Winter 2008 Gaming Rig Buyers’ Guide
First up, our budget gaming rig of no more than S$1,000. It is often assumed that decent gaming requires big budgets. With this setup you should be able to play most games at medium to high settings up to 1600×1200. If your monitor choice was a 24-incher and you want to play at 1900×1200 you will need to turn down the eye candy settings. This setup should also see you through the next year, or even the next two if you’re willing to put up with less eye candy on future games.
Motherboard: Gigabyte GA-EP45-DS3 [~S$210]
A wide range of motherboards play host to Intel’s P45 chipset, from the wallet-burning to the no-frills types. Since this is a budget outfit we’ll be going for a cost effective piece – the Gigabyte GA-EP45-DS3.
Somewhat unusual for its price is Crossfire support, albeit in dual x8 mode due to the limitations of the P45 chipset and for some a bonus are the dual Gigabit Ethernet ports. While we won’t be taking advantage of the Crossfire functionality it might come in handy for future graphics card upgrades.
Processor: Intel Core 2 Duo E7200 [~S$180]
Despite having only half the L2 cache (3MB instead of 6MB) of the more expensive E8XXX range, the E7200′s gaming performance is far from dismal. In fact the E7200 can overclock quite well if you’re willing to give it a go.
Memory: 2x2GB Kingston ValueRAM DDR2-800 CL5 [~S$75]
Even though DDR2-1066 prices have dropped, moving to that would still cost significantly more (at least in the scope of this budget setup) in return for rather limited performance gains. Hence we recommend sticking to the slower DDR2-800 RAMs. Kingston’s ValueRAM series is one of the cheapest brand name memory around, and it comes with lifetime warranty to boot!
Graphics: Nvidia GeForce 9800GT 512MB or ATI HD4830 512MB [~S$200]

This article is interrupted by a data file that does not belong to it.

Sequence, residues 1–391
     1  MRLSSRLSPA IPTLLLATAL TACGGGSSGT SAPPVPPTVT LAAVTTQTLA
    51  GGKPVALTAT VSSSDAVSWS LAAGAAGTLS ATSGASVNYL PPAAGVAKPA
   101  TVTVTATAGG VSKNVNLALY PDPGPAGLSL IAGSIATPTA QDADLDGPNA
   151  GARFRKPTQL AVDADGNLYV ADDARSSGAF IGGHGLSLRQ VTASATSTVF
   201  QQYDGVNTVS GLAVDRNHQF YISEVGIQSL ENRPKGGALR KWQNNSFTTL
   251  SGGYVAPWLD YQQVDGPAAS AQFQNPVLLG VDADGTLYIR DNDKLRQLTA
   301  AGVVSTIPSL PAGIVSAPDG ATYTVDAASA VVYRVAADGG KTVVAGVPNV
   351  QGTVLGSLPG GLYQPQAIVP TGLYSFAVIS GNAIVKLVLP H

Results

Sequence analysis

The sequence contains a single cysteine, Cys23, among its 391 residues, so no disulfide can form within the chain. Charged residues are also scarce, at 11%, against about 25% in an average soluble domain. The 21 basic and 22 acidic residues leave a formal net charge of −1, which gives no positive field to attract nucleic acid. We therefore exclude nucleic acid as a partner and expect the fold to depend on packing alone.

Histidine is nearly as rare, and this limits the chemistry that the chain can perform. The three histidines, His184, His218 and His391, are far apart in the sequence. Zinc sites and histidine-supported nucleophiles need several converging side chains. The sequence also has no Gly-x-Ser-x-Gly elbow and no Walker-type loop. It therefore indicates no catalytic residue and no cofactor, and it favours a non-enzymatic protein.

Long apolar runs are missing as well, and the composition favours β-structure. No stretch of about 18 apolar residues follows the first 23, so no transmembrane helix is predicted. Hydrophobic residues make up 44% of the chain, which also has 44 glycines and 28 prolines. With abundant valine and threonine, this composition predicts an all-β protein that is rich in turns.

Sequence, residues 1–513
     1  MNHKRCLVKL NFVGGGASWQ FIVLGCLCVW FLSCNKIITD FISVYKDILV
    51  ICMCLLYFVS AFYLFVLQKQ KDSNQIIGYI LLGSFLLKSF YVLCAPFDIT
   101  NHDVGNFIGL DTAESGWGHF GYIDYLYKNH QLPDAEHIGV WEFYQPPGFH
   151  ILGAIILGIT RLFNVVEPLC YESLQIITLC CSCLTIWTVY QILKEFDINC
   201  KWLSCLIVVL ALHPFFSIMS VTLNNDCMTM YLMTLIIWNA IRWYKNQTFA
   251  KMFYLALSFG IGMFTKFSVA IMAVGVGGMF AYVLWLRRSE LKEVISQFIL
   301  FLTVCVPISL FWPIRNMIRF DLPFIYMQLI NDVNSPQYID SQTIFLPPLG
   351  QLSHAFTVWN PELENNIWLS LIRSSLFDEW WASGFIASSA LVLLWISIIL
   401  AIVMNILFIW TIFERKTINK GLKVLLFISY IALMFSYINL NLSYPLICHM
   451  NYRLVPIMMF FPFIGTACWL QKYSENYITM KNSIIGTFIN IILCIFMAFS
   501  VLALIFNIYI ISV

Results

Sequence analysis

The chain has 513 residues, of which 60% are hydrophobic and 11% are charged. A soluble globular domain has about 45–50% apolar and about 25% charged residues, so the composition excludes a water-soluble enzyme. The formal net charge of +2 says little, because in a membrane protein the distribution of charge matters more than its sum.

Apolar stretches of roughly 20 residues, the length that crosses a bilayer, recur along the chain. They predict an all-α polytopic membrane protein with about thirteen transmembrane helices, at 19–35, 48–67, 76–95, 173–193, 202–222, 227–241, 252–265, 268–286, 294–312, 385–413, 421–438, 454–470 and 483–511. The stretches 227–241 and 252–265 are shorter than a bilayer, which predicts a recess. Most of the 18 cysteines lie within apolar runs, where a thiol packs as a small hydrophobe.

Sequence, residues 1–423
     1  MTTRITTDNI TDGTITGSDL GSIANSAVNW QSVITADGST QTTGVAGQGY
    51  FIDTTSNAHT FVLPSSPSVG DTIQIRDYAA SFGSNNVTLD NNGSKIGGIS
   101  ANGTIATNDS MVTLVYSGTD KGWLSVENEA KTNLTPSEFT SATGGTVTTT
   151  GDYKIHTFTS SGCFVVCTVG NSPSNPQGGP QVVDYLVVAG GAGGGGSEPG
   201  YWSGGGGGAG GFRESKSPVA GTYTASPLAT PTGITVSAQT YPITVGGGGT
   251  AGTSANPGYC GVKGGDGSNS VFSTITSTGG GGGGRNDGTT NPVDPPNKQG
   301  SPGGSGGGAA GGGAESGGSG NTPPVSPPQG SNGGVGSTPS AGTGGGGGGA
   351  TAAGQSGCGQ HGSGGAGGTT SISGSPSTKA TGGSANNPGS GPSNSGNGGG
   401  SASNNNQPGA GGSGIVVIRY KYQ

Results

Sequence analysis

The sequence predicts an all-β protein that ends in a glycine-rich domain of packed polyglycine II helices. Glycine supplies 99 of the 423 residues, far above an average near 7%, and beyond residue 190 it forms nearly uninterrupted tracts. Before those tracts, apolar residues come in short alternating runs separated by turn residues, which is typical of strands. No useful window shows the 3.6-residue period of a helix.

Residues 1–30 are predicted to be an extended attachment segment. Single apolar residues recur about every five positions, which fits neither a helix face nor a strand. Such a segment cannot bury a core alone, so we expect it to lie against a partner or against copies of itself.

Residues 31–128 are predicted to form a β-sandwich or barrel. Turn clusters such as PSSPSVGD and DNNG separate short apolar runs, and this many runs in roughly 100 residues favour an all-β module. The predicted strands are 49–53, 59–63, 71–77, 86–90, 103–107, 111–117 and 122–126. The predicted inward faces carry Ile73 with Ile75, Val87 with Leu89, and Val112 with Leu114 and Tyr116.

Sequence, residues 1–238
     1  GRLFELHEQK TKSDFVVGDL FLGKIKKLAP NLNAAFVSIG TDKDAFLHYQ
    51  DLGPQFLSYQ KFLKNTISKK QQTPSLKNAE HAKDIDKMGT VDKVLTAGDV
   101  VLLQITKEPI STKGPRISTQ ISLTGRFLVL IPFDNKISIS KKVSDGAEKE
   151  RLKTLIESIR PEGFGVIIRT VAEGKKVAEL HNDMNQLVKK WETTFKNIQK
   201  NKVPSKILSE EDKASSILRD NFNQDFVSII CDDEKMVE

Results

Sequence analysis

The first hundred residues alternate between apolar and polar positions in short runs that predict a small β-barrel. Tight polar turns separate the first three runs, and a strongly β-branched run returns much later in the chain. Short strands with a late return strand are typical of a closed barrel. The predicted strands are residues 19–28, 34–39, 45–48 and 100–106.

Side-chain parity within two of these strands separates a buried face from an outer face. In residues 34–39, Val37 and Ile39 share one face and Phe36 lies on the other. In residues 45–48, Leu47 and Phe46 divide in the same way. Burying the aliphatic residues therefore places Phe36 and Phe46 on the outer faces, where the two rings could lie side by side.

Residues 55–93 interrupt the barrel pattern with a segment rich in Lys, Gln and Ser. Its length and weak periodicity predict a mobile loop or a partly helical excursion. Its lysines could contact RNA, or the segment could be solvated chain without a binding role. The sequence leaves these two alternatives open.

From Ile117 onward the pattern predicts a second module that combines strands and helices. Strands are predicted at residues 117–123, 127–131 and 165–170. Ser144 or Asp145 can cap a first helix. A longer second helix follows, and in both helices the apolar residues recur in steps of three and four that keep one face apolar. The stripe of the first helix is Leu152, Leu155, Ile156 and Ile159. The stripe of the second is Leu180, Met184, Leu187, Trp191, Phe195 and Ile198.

Both the 9800GT (pictured) and the HD4830 have similar performance, so either one is a good choice. The older 8800GT is virtually identical to the 9800GT in terms of performance, so if you can grab that for less, go ahead.
A little more can be saved on the graphics card by selecting one of the no-name manufacturers. These may have shorter warranty periods and/or fewer bundled accessories so check things out before you decide.
Hard Drive: Hitachi Deskstar 7K1000.B 500GB SATA [~$100]
Similar to memory prices, hard drive prices keep falling so there is little reason get anything smaller than 500GB since this range nets you the most gigabytes per dollar. The Hitachi 7K1000.B is a mainstream drive with good performance.
Of course, get a larger drive if you think you’re going to need one.
Optical Drive: Samsung SH-S203B [~S$40]
DVD technology has already matured to a level where most DVD writers out there perform more or less the same in terms of speeds and quality. Still, there are some minor differences, and the Samsung SH-S203B is on the right side of those. It uses the SATA interface, which is a good things since IDE is well on its way out. And anyway SATA cables are far easier to manage.
Power Supply: Enermax Pro82+ 425W [~S$130]
The power supply is often the most overlooked, yet vital, part of any system. Scrimping and getting a cheap, nameless power supply might mean inefficiency, excessive noise. In the worse case a bad power supply might just go up in smoke and take the rest of your components with it to hardware heaven.
Of course, not all branded power supplies are necessarily good either. But the one we are recommending is one of the better budget power supplies around. Enermax’s Pro82+ is efficient, reliable and near-silent.
Casing: Cooler Master Centurion 5 [~S$75]
It’s hard to go wrong with the Centurion 5. It may be cheap, but it isn’t barebones at all with tool-free installation. If you’re a frequent lanparty-goer, spending more to get an aluminum casing (such as the ~S$135 Lian-Li PC7+) may better suit your needs.
Of course there are many many more casings out there that are worth considering. Just bear in mind that cases from lesser known brands may be somewhat less user friendly (read: sharp edges, impossible-to-reach screws).
(excluding monitor & peripherals)
Okay, so we broke our below S$1,000 budget a little, but if you buy several parts together from the same shop you should be able to get a discount off the listed price. In any case you can always put your bargaining skills to good use down at your local computer shop or mall.
If you don’t want to reuse your old monitor, we recommend getting a 20 to 22-inch widescreen. 24-inch TN (Twisted Nematic) panel LCDs are also now widely available. They do suffer from poor colour reproduction, but purely for gaming purposes they represent great value.